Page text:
To print this article, all you need is to be registered on Mondaq.com.

Click to Login as an existing user or Register so you can print this article.

Authors
Events from this Firm
20 Sep 2018, Seminar, Tokyo, Japan

Orrick's Total Access Japan Event Series provides entrepreneurs business, tactical, and legal education through complimentary panels and seminars and networking events. The next event will take place on Thursday, September 20 from 6:00 pm to 7:30 pm.

21 Sep 2018, Conference, Florida, United States

Employment partner, Michael Weil will be participating in The Intellectual Property Law Institute’s 2018 Conference.

26 Sep 2018, Conference, New York, United States

Employment Partner, Mandy Perry and Chair of Orrick's Global Employment Law Practice, Mike Delikat will be participating in the Global Business Protections 2018: International Restrictive Covenants and Confidential Information Conference.

Similar Articles
Relevancy Powered by MondaqAI
Masuda, Funai, Eifert & Mitchell, Ltd.
 
In association with
Related Topics
 
Similar Articles
Relevancy Powered by MondaqAI
Masuda, Funai, Eifert & Mitchell, Ltd.
Related Articles
 
Related Video
Up-coming Events Search
Tools
Print
Font Size:
Translation
Channels
Mondaq on Twitter
 
Register for Access and our Free Biweekly Alert for
This service is completely free. Access 250,000 archived articles from 100+ countries and get a personalised email twice a week covering developments (and yes, our lawyers like to think you’ve read our Disclaimer).
 
Email Address
Company Name
Password
Confirm Password
Position
Mondaq Topics -- Select your Interests
 Accounting
 Anti-trust
 Commercial
 Compliance
 Consumer
 Criminal
 Employment
 Energy
 Environment
 Family
 Finance
 Government
 Healthcare
 Immigration
 Insolvency
 Insurance
 International
 IP
 Law Performance
 Law Practice
 Litigation
 Media & IT
 Privacy
 Real Estate
 Strategy
 Tax
 Technology
 Transport
 Wealth Mgt
Regions
Africa
Asia
Asia Pacific
Australasia
Canada
Caribbean
Europe
European Union
Latin America
Middle East
U.K.
United States
Worldwide Updates
Registration (you must scroll down to set your data preferences)

Mondaq Ltd requires you to register and provide information that personally identifies you, including your content preferences, for three primary purposes (full details of Mondaq’s use of your personal data can be found in our Privacy and Cookies Notice):

  • To allow you to personalize the Mondaq websites you are visiting to show content ("Content") relevant to your interests.
  • To enable features such as password reminder, news alerts, email a colleague, and linking from Mondaq (and its affiliate sites) to your website.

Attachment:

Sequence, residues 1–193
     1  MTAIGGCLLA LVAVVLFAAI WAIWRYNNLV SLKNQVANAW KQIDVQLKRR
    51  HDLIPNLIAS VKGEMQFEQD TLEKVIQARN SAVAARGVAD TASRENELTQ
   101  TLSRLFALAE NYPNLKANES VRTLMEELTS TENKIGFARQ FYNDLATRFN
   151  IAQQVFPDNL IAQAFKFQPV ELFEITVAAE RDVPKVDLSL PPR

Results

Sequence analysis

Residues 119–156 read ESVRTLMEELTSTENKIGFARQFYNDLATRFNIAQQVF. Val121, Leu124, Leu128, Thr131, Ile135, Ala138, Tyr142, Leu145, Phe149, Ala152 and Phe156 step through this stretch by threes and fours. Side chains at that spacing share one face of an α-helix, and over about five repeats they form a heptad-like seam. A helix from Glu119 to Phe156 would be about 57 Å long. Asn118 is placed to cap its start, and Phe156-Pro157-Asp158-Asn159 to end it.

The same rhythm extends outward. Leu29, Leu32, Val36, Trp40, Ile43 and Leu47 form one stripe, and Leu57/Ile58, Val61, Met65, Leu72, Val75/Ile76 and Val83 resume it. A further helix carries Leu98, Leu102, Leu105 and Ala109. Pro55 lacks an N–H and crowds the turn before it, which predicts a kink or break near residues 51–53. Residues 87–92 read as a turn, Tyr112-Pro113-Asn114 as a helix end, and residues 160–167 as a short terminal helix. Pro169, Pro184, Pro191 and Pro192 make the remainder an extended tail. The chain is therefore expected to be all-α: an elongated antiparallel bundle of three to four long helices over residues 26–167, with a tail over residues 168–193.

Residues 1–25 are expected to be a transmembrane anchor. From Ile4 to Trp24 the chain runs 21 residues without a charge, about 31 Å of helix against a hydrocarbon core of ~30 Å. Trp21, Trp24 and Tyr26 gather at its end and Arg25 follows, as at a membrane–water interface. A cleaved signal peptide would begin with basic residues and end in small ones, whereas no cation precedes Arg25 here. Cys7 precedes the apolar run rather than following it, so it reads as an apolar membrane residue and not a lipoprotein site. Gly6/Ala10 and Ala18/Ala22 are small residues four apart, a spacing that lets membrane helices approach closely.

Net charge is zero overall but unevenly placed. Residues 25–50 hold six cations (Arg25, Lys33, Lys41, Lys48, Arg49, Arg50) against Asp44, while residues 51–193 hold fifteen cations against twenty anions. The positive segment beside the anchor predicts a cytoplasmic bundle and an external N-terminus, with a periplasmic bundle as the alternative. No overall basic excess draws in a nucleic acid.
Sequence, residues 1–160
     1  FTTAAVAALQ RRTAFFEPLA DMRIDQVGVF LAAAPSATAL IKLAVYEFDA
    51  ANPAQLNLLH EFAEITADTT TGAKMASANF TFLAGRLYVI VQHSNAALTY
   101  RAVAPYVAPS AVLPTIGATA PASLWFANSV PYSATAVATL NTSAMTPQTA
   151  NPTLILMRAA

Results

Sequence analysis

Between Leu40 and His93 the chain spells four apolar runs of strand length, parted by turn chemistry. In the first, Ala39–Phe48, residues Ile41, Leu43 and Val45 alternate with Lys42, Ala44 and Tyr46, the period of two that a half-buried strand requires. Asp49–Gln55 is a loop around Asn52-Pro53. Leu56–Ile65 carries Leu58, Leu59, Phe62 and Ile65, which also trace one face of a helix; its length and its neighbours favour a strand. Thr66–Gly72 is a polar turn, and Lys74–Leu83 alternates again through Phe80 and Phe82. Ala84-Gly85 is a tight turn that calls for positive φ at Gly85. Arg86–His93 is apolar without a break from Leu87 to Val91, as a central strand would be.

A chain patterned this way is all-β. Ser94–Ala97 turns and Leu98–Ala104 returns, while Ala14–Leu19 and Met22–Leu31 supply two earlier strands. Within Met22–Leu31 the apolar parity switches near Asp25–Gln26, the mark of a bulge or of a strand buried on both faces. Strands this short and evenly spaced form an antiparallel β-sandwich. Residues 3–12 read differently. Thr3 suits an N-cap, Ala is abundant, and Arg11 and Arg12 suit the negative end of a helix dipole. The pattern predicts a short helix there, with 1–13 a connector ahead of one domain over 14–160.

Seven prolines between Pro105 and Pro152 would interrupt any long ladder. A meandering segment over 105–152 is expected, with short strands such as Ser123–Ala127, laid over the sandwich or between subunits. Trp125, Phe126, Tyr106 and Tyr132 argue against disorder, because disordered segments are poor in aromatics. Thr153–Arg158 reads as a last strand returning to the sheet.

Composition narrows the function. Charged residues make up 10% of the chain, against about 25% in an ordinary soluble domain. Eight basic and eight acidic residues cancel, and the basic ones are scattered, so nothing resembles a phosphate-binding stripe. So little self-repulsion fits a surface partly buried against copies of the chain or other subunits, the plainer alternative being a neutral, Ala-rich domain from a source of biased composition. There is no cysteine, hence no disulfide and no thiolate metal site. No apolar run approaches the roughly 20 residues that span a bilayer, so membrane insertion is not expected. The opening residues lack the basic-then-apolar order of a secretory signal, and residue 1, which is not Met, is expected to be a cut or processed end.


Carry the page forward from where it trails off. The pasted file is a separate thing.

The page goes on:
• To produce demographic feedback for our content providers ("Contributors") who contribute Content for free for your use.

Mondaq hopes that our registered users will support us in maintaining our free to view business model by consenting to our use of your personal data as described below.

Mondaq has a "free to view" business model. Our services are paid for by Contributors in exchange for Mondaq providing them with access to information about who accesses their content. Once personal data is transferred to our Contributors they become a data controller of this personal data. They use it to measure the response that their articles are receiving, as a form of market research. They may also use it to provide Mondaq users with information about their products and services.

Details of each Contributor to which your personal data will be transferred is clearly stated within the Content that you access. For full details of how this Contributor will use your personal data, you should review the Contributor’s own Privacy Notice.

Please indicate your preference below:

Yes, I am happy to support Mondaq in maintaining its free to view business model by agreeing to allow Mondaq to share my personal data with Contributors whose Content I access
No, I do not want Mondaq to share my personal data with Contributors

Also please let us know whether you are happy to receive communications promoting products and services offered by Mondaq:

Yes, I am happy to received promotional communications from Mondaq
No, please do not send me promotional communications from Mondaq
Terms & Conditions

Mondaq.com (the Website) is owned and managed by Mondaq Ltd (Mondaq). Mondaq grants you a non-exclusive, revocable licence to access the Website and associated services, such as the Mondaq News Alerts (Services), subject to and in consideration of your compliance with the following terms and conditions of use (Terms). Your use of the Website and/or Services constitutes your agreement to the Terms. Mondaq may terminate your use of the Website and Services if you are in breach of these Terms or if Mondaq decides to terminate the licence granted hereunder for any reason whatsoever.

Use of www.mondaq.com

To Use Mondaq.com you must be: eighteen (18) years old or over; legally capable of entering into binding contracts; and not in any way prohibited by the applicable law to enter into these Terms in the jurisdiction which you are currently located.

You may use the Website as an unregistered user, however, you are required to register as a user if you wish to read the full text of the Content or to receive the Services.

You may not modify, publish, transmit, transfer or sell, reproduce, create derivative works from, distribute, perform, link, display, or in any way exploit any of the Content, in whole or in part, except as expressly permitted in these Terms or with the prior written consent of Mondaq. You may not use electronic or other means to extract details or information from the Content. Nor shall you extract information about users or Contributors in order to offer them any services or products.